Date of Completion


Embargo Period



Florence Marsal / Jennifer Terni

Field of Study

Literatures, Cultures & Languages


Master of Arts

Open Access

Open Access


The Indian Between History and Fiction.

This thesis represents a comparative study between two works of fiction, The Last of the Mohicans by James Fenimore Cooper (1826) and The Orenda by Joseph Boyden (2013) and questions their use of history in the literary representation of the Indian.

The two stories take place during the 7-year war between the Hurons, allies of the French and the Iroquois, allies of the English. Both authors place the Indian world in the center of their novels, thus responding to a western fascination for the American-Indian.

The Last of the Mohicans, despite its historical accents, seem more intensely born out of the Cooper’s imagination, than out of his desire to talk about history. On the other hand, the Orenda offers a more realistic view of the interaction between whites and Indians. Then, comparing these two novels means confronting fiction and reality, fiction and history, myth and reality. It is the myth behind the image of the Indian that the thesis seeks to deconstruct to better undo its ethnocentric tendency perpetuated by and through literature.

Boyden’s Huron origins make him sensitive to the history of the Indians by the Indians and those who were in direct contact with them. He tries to adopt an Indian perspective by offering a style that uses actual voices borrowed from a report made by a missionary in the XVIIth-Century. His characters live through a degree of reality that does not exist in Cooper’s work. Thus, we see that for Boyden, Indian voices seem more realistic than Cooper. They resonate louder for readers of the XXIst-century. However, despite its attempt to make the Indian speak for himself The Orenda remains gated in the same ethnocentric illusion that in the end offers the same romantic image of the Indian that we find in Cooper’s novel.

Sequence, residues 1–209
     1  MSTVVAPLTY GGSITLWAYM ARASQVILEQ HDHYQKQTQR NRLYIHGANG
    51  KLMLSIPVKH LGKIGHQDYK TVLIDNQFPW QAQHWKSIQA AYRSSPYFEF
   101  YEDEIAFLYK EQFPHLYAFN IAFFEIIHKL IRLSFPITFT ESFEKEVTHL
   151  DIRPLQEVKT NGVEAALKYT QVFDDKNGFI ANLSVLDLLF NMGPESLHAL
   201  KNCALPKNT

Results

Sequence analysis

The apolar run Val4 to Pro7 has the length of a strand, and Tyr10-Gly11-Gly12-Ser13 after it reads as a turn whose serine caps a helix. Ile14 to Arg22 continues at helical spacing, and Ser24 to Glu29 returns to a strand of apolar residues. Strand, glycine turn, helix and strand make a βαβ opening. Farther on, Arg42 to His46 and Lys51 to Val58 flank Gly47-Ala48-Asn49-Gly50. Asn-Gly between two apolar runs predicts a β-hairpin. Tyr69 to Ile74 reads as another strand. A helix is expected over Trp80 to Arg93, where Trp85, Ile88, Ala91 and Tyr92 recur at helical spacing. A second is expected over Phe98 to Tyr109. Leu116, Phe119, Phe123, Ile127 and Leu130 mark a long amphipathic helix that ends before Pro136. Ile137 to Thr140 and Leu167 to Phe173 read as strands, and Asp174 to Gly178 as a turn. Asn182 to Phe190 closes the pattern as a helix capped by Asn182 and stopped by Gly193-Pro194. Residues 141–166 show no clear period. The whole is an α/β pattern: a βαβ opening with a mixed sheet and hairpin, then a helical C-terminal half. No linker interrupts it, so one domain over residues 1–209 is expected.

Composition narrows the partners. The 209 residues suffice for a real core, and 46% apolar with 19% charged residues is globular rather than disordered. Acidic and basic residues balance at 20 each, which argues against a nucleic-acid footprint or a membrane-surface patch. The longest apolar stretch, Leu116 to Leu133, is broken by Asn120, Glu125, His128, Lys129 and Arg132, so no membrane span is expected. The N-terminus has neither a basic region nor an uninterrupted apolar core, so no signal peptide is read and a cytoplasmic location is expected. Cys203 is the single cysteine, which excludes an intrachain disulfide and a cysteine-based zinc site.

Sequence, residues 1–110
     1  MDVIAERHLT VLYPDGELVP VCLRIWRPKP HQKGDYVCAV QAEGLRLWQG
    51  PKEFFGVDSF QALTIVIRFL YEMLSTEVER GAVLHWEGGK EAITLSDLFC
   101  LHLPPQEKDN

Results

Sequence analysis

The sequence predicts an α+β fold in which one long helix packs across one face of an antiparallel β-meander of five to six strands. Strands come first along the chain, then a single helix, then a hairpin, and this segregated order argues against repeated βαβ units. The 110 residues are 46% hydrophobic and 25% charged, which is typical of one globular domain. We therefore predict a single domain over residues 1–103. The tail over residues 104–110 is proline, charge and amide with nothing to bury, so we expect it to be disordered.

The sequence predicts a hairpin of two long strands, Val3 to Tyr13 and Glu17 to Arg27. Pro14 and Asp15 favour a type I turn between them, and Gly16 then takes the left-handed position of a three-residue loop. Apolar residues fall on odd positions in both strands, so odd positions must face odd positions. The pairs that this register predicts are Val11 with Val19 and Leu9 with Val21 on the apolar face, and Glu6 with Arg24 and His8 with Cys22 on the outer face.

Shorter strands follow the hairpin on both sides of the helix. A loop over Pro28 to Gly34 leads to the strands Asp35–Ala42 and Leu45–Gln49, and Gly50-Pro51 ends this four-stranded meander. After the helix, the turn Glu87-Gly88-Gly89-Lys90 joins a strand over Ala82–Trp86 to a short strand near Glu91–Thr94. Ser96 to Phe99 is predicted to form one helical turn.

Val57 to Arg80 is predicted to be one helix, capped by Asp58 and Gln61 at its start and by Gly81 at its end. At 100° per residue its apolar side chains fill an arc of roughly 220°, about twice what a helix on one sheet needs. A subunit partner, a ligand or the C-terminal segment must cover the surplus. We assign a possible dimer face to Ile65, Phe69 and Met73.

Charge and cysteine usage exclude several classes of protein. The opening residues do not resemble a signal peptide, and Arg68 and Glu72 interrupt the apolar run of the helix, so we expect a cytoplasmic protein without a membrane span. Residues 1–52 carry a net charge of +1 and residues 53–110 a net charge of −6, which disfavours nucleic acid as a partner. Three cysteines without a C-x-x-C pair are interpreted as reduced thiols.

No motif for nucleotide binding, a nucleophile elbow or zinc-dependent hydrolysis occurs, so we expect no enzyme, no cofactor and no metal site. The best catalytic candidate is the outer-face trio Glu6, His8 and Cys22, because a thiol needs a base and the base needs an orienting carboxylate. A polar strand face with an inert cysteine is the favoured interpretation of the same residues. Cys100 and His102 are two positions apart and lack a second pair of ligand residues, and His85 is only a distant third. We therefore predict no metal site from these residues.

The work of each book, be it an historical-fictional novel for Cooper or a biographical novel based on memories collected in three testimonies for Boyden, still bear a nostalgic view of the Indian, as it flows freely between two forms, two opposite direction, between fiction and history.

The thesis is divided into 3 questions:

- First, how do these novels whose action takes place in the past take an historical perspective while staying modern and contemporary fiction? Two centuries after the work of Cooper, Boyden's novel confirms that the genocidal past of the Indians still haunts the Western mind.

- Secondly, we consider the concept of acculturation and how it works in the two novels. Namely, how have Europeans used this process to erase Indian culture, to conquer and take over their territory. We see that this process of acculturation is tracked differently in the two novels.

- Thirdly, how novels such as these by James Fenimore Cooper and Joseph Boyden contributed anyway and at different degrees, to the firmly implanted romantic image of Native Americans?

To attempt to answer these questions is to acknowledge the constantly moving frontier between history and fiction, a place of uncertainty where we find the Indian from these two novels.

Major Advisor

Eliane DalMolin